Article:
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View Full Version : Best bourbon for someone who likes Irish Whiskey?



wrbriggs
09-23-2004, 16:50
I've got a friend who loves to drink Irish Whiskey neat (his "daily pour" of choice is Powers Irish Whisky, a bit too bland for me). He greatly enjoys bourbon when mixed 3/4 bourbon to 1/4 coke, but claims he cannot drink it neat or on the rocks. I got him to try my favorite everyday bourbon, Elijah Craig, and that was a no-go... so was Maker's Mark, which I've always been told is a good "introductory" bourbon.

So - my friend DOES like whisky, but hasn't yet found a bourbon he can drink neat - am I doomed to years of arguing with him over which whiskey is better, or are there other bourbons I should be recommending to him?

Thanks!

-Will

TrueBarrel
09-23-2004, 17:06
EC, esp. 12, is fairly distinctive and many who like bourbon don't prefer it; as to Maker's Mark, some don't prefer wheaters. For a Heaven Hill product other than EC, why not have him try Evan Williams single-barrel. From Beam, why don't you have him try Knob Creek or Jim Beam Black, and from WT maybe Russell's Reserve, Spirit or Rare Breed. Or maybe one of the VW products for a different perspective on wheaters. Or from Buffalo Trace, Buffalo Trace or Eagle Rare 10. If he doesn't like any of those, maybe he just doesn't like bourbon?

TNbourbon
09-23-2004, 17:59
Yeah, even before reading the previous post, Evan Williams Single Barrel jumped to my mind. Lighter like a scotch or Irish whisk(e)y, but still distinctively bourbon from the corn and rye. JB Black is a personal favorite. Luckily, both of these are fairly inexpensive (under $25).

angelshare
09-23-2004, 18:09
If he likes Irish whiskey, I would have thought Maker's Mark would have been a reasonable choice...light, not really that challenging, as Chuck would probably say, and "smooth."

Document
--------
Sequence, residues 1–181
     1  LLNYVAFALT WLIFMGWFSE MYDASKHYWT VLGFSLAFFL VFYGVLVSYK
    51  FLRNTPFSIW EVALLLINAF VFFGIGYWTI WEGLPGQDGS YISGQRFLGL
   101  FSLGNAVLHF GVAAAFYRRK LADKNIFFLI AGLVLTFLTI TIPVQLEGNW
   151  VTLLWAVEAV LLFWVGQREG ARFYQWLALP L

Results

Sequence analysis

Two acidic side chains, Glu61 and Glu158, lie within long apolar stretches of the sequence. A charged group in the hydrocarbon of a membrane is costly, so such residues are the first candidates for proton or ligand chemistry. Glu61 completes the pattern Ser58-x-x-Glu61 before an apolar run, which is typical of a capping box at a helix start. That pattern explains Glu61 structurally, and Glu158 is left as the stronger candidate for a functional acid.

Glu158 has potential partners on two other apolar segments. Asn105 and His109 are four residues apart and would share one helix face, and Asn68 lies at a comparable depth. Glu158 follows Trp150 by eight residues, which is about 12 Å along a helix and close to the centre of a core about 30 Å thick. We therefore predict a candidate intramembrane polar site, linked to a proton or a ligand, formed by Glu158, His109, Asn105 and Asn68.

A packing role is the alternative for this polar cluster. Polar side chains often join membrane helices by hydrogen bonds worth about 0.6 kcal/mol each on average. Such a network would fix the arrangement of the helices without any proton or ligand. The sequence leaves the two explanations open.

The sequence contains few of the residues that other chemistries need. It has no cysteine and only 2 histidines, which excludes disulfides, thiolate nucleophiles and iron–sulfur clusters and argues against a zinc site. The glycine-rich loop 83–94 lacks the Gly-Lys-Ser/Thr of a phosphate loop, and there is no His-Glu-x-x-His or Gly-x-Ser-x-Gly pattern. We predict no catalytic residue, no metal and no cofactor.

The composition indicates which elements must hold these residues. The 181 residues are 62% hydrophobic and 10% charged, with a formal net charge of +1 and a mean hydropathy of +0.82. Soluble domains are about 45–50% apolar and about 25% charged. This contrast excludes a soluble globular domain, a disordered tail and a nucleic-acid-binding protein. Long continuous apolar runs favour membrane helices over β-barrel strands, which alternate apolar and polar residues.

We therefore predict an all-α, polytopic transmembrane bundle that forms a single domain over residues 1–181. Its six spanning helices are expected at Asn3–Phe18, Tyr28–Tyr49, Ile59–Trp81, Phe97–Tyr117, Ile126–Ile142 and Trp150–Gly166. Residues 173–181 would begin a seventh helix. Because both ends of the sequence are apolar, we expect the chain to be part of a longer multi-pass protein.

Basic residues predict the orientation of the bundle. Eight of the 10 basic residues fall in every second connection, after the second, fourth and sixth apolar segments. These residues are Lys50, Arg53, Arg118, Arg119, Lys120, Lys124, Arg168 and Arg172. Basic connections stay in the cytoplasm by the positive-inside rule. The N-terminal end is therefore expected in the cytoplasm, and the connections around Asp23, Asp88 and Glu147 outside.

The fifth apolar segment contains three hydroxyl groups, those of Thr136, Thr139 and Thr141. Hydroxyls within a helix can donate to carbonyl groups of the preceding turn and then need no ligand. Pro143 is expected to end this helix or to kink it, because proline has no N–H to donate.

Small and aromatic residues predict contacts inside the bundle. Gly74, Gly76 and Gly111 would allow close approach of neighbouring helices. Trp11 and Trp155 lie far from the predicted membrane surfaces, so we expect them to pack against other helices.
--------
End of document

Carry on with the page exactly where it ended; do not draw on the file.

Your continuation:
The EC 12 should have provided a contrast - older, with rye flavor. Sounds like that didn't go over.

This might sound crazy, but what about "plain old" Jim Beam white? It's young, it's light, it's not harsh. It may provide a good transition. As Chuck points out in his book (I'm paraphrasing here), it's high volume/low priced, but very respectable.

Keep working at it. You owe it to your friend! I'm biased, but I think if you don't like bourbon, you just haven't tried the right one. http://www.straightbourbon.com/forums/images/graemlins/grin.gif

voigtman
09-23-2004, 18:19
Personally, I'd try Elijah Craig 18: it is almost like a brandy or cognac in terms of smoothness. My favorite Irish whiskey is Redbreast 12, the only one I bunker, which has no bourbon counterpart, period. But the EC 18, and Hirsch 16 for that matter, strike me as being breath-takingly smooth and mellow, and Irish whiskey is nothing if not top of the scale smooth! Just my 2 cents and good luck with your noble mission! Cheers, Ed

OneCubeOnly
09-23-2004, 19:37
Two bourbons came to mind here--and both are BT single-barrel products: the first being Eagle Rare SB 10yo. To me, it's one of the most approachable bourbons, particularly to a beginner. No harshness, lots of subtle flavor, and a lot to explore if you dig deep enough.

The second one I thought of was Blanton's. Expensive, but to me it's the quintessential "smooth" bourbon. It's been said before, "if you don't like Blanton's you don't like bourbon." While I might not go QUITE that far, I believe it's about as balanced and drinkable as bourbon gets.